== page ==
The primary scientific objective of ICE was to study the interaction between the solar wind and a cometary atmosphere. As planned, the spacecraft traversed the plasma tail of Comet Giacobini-Zinner on 11 September 1985, and made in situ measurements of particles, fields, and waves. It also transited between the Sun and Comet Halley in late March 1986, when other spacecraft (Giotto, Planet-A, MS-T5, VEGA) were also in the vicinity of Comet Halley on their early March comet rendezvous missions. ICE became the first spacecraft to directly investigate two comets. ICE data from both cometary encounters are included in the International Halley Watch archive at http://nssdc.gsfc.nasa.gov/database/MasterCatalog?ds=XD-B3A

Tracking and telemetry support were provided by the DSN (Deep Space Network) starting in January 1984. The ISEE-3/ICE bit rate was nominally 2048 bps during the early part of the mission, and 1024 bps during the Giacobini-Zinner comet encounter. The bit rate then successively dropped to 512 bps (on 9/12/85), 256 bps (on 5/1/87), 128 bps (on 1/24/89) and finally to 64 bps (on 12/27/91).

As of January 1990, ICE was in a 355 day heliocentric orbit with an aphelion of 1.03 AU, a perihelion of 0.93 AU and an inclination of 0.1 degree.

An update to the ICE mission was approved by NASA headquarters in 1991. It defined a Heliospheric mission for ICE consisting of investigations of coronal mass ejections in coordination with ground-based observations, continued cosmic ray studies, and special period observations such as when ICE and Ulysses were on the same solar radial line. By May 1995, ICE was being operated with only a low duty cycle, with some support being provided by the Ulysses project for data analysis. Termination of operations of ICE/ISEE3 was authorized 5 May 1997.

In 1999, NASA made brief contact with ICE to verify its carrier signal.

On 18 September 2008, NASA located ICE with the help of KinetX using the Deep Space Network after discovering it had not been powered off after the 1999 contact. A status check revealed that all but one of its 13 experiments were still functioning, and it still had enough propellant for 150 m/s (490 ft/s) of Δv (velocity change).

In early 2014, space enthusiasts started discussing reviving ICE when it approached the Earth in August. However, officials with the Goddard Space Flight Center said the Deep Space Network equipment required for transmitting signals to the spacecraft had been decommissioned in 1999, and was too expensive to replace.

On 15 May 2014, the ISEE-3 Reboot Project successfully raised $125,000 through crowdfunding to re-establish communications with the probe.

On 29 May 2014, the reboot team commanded the probe to switch into Engineering Mode to begin to broadcast telemetry. Project members, using the Goldstone Deep Space Communications Complex DSS-24 antenna, achieved synchronous communication on 26 June and obtained the four ranging points needed to refine the spacecraft's orbital parameters, data needed to calculate maneuvers required to bring the satellite out of heliocentric orbit. The reboot project successfully fired the thrusters on 2 July for the first time since 1987. They spun up the spacecraft to its nominal roll rate, in preparation for the upcoming trajectory correction maneuver in mid-July. However, a longer sequence of thrusters firings on 8 July failed, apparently due to a loss of the nitrogen gas used to pressurize the fuel tanks. The ISEE-3 Reboot Team announced that all attempts to change orbit using the ISEE-3 propulsion system had failed on 24 July. They began shutting down propulsion components to maximize the electrical power available for the science experiments.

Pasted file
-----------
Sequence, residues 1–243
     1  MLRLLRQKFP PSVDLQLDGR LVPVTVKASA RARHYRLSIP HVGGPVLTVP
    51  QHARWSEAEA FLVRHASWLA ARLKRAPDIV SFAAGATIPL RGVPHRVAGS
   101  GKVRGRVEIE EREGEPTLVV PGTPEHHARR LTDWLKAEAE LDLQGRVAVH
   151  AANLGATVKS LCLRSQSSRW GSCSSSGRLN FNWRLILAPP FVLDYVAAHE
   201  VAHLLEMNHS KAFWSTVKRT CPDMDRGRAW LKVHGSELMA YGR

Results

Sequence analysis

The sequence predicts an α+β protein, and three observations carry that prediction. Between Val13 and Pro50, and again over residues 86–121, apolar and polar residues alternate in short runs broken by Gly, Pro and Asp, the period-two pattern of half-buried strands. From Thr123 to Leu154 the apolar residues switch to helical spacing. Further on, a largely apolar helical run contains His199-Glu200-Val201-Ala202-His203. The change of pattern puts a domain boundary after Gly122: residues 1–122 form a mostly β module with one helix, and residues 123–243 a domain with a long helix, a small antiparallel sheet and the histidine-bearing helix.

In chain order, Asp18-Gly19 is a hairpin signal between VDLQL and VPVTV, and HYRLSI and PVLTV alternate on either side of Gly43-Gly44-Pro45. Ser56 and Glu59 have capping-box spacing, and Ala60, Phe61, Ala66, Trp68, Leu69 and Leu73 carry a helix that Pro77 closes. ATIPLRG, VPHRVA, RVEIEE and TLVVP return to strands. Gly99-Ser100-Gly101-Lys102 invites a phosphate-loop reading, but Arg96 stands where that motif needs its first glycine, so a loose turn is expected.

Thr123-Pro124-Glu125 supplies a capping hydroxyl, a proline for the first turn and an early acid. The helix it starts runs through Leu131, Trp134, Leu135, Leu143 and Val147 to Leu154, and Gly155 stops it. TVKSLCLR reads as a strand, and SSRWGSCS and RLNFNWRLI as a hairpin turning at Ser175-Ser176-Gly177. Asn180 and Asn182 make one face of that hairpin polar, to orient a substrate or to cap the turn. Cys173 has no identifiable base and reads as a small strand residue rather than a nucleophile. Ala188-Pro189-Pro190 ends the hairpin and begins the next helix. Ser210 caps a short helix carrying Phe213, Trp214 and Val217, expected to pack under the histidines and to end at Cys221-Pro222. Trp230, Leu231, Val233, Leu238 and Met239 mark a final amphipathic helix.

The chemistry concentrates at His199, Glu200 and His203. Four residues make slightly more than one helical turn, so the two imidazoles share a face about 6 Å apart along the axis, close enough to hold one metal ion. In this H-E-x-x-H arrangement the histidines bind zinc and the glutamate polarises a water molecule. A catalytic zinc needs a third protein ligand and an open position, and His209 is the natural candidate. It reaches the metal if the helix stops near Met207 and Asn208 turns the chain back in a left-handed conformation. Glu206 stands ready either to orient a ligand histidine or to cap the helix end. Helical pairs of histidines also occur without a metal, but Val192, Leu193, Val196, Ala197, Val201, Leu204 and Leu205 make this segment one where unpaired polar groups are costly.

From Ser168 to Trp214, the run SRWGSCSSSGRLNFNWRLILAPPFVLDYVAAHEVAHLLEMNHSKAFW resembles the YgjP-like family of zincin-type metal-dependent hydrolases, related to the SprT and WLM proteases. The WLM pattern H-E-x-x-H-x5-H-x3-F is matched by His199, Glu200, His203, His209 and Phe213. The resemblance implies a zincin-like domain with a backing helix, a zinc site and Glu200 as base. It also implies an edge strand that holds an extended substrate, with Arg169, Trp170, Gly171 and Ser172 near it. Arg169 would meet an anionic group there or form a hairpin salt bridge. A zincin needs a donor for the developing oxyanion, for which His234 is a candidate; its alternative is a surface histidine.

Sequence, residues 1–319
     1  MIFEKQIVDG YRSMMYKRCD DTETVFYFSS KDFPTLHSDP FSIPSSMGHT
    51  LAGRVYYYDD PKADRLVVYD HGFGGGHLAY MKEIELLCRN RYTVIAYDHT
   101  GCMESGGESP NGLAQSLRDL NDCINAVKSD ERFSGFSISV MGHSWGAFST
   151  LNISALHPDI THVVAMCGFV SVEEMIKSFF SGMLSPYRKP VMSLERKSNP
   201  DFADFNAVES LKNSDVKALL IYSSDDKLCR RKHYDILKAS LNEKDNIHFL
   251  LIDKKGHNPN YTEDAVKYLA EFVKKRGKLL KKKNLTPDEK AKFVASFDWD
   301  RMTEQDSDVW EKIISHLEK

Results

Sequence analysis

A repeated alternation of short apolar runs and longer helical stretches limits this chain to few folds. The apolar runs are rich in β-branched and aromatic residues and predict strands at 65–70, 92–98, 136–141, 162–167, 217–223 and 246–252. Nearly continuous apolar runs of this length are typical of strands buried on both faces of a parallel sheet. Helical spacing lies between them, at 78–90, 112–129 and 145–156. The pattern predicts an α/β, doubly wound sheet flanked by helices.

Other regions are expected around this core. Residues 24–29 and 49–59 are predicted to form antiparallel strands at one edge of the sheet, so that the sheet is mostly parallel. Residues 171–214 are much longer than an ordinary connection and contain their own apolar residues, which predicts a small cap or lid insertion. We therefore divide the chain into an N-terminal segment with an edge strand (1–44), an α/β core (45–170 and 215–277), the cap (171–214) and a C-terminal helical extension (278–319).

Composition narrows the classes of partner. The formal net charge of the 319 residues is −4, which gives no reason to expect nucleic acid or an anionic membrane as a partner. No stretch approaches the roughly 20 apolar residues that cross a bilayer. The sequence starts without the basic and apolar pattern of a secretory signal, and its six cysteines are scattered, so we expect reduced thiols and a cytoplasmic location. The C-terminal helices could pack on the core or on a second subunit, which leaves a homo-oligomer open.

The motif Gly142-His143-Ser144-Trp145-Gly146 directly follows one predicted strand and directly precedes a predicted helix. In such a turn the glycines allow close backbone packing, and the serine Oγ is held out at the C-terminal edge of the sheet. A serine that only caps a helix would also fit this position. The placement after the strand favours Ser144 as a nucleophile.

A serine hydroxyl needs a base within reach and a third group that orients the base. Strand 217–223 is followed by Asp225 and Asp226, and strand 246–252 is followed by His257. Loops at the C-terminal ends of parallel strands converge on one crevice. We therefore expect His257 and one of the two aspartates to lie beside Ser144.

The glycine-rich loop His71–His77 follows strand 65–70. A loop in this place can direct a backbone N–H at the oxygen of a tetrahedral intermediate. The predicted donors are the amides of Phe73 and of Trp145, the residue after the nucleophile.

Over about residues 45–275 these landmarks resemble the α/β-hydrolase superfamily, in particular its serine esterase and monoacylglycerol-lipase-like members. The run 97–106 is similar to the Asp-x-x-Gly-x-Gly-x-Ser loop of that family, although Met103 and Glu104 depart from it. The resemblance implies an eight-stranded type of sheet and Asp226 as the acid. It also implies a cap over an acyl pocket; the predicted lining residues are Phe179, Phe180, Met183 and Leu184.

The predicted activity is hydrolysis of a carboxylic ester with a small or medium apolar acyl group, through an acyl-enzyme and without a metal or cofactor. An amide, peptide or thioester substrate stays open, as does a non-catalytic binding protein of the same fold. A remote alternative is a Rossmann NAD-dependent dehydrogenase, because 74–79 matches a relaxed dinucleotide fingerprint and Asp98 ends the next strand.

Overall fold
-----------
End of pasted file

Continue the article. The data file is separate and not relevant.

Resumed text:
In late July 2014, ISEE-3 Reboot Project announced the ISEE-3 Interplanetary Citizen Science Mission would gather data as the spacecraft flies by the Moon on August 10 and continues in heliocentric orbit. With five of the 13 instruments on the spacecraft still working, the science possibilities include listening for gamma ray bursts, where observations from additional locations in the solar system can be valuable. The team plans to acquire data from as much of ISEE-3's 300-day orbit as possible and the project is recruiting additional receiving sites around the globe to improve diurnal coverage. They may upload additional commands while the spacecraft is close to Earth, after which they will mostly be receiving data.

On 10 August 2014, ICE passed the Moon at a distance of approximately 15,600 km (9600 mi) from the surface and continued into heliocentric orbit. It will return to Earth's vicinity in about 17 years.


https://nssdc.gsfc.nasa.gov/nmc/masterCatalog.do?sc=1978-079A

1984
A R Klemola discovered asteroid #3712.

1986
Takeshi Urata and Tsuneo Niijima discovered asteroid #3565 Ojima.